I tried to feel something, even anger, but I couldn’t shake the odd inertia I’d been gripped with. Should you invest that much care into one person? Should you allow yourself to become that exposed? Probably not, if you think this is the only life you get, but if you believe in the idea of lifetimes the choice isn’t so cut and dried. I believe in lifetimes. Sometimes I can feel my soul rippling out through eternity like a radar, looking for her in lives we haven’t lived yet, but always coming back without the ‘ping’ of recognition. That loneliness of eternity is terrifying.
I went places and did things because the body has requirements the mind can’t control, but I also hung on to enough general awareness to do some things that needed doing. And so it came to this. Here I was, perched precariously on the pitched roof of the building opposite the courthouse, with a non-existent line of vision. There was no way the police would let me get so much as a glimpse of my wife’s killer if I stood on the street, but that didn’t lessen my need to see who stole the future.
The police truck was late in arriving; I think they do that on purpose to minimise the amount of time the accused spends out of the cell. There’s no doubt I’d have missed their arrival had I not had my camera balanced on the roofline. It could see forward without exposing me to the glare of attention; I could see the digital screen at the back of it. I saw the truck finally roll into the laneway, stopping close to the secure entrance at the side of the building. The side door of the truck swung open, obscuring my vision completely. The police aren’t stupid; the van doors swing open on the street side to give cover to the assailant.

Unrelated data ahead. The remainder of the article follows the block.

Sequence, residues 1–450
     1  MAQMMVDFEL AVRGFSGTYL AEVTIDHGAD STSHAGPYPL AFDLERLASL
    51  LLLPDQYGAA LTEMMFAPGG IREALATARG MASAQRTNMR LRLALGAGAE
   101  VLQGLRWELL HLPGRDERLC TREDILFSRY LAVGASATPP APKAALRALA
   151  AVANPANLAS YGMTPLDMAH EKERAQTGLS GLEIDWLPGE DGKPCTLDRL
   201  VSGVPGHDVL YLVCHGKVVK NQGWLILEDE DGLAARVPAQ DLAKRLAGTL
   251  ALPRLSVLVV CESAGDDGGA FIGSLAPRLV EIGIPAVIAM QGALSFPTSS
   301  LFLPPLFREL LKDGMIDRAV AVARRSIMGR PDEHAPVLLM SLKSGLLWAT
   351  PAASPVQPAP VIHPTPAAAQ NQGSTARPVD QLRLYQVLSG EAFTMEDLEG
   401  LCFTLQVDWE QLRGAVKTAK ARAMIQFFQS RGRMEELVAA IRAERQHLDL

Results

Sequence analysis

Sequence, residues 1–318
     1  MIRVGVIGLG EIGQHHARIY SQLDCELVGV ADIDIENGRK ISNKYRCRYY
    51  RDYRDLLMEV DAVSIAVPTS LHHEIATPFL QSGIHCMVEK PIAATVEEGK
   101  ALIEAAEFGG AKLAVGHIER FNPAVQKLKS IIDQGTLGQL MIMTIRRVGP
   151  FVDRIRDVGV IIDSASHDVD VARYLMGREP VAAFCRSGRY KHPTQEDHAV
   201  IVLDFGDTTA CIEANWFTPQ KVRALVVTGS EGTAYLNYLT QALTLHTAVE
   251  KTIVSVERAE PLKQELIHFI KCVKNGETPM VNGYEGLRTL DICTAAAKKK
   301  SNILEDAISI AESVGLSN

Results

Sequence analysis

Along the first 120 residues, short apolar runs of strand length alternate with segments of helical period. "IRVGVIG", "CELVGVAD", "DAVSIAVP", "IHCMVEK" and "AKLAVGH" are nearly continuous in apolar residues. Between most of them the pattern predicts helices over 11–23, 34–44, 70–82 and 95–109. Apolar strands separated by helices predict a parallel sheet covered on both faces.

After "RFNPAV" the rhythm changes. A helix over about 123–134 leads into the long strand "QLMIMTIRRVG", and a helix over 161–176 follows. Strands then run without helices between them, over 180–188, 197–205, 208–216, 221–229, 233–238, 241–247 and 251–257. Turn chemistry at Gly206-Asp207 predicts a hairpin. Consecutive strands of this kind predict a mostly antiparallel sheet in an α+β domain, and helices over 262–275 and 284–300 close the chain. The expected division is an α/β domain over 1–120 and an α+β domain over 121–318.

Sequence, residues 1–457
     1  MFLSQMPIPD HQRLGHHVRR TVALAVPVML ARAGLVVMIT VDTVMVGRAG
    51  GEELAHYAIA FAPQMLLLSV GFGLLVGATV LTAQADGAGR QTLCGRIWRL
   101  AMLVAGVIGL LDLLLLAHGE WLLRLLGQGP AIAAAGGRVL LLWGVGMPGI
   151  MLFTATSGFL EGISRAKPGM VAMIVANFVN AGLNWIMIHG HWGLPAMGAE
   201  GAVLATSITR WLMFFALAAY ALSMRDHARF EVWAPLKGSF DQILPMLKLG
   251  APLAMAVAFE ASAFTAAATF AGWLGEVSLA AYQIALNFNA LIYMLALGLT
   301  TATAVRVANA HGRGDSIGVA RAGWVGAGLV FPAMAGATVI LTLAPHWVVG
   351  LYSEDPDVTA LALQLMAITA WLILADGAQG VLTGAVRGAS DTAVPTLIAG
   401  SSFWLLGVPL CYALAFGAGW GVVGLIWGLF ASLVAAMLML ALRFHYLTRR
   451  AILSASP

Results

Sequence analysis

Scrambling up onto the roofline I got the best position I could, crouching, with a leg over each side of the roof. Already chambered, I fired one high-powered shot straight into the armoured door. It swung back toward the truck and for a few seconds there was my wife’s murderer, exposed, and down on the ground with a cop straddling over, trying to get things moving damned fast. I saw his head through my sight; it very nearly completely obscured the head of the murderer. I had a choice to make, and I had to make it damned quick. Should I fire through the cop’s head? And wouldn’t that make me just like what I wanted to kill? And then in a flash there was a gap, and I filled it. It was a supremely gratifying experience to see the side of the killer’s head explode as my shell hit. She was dead before she hit the ground.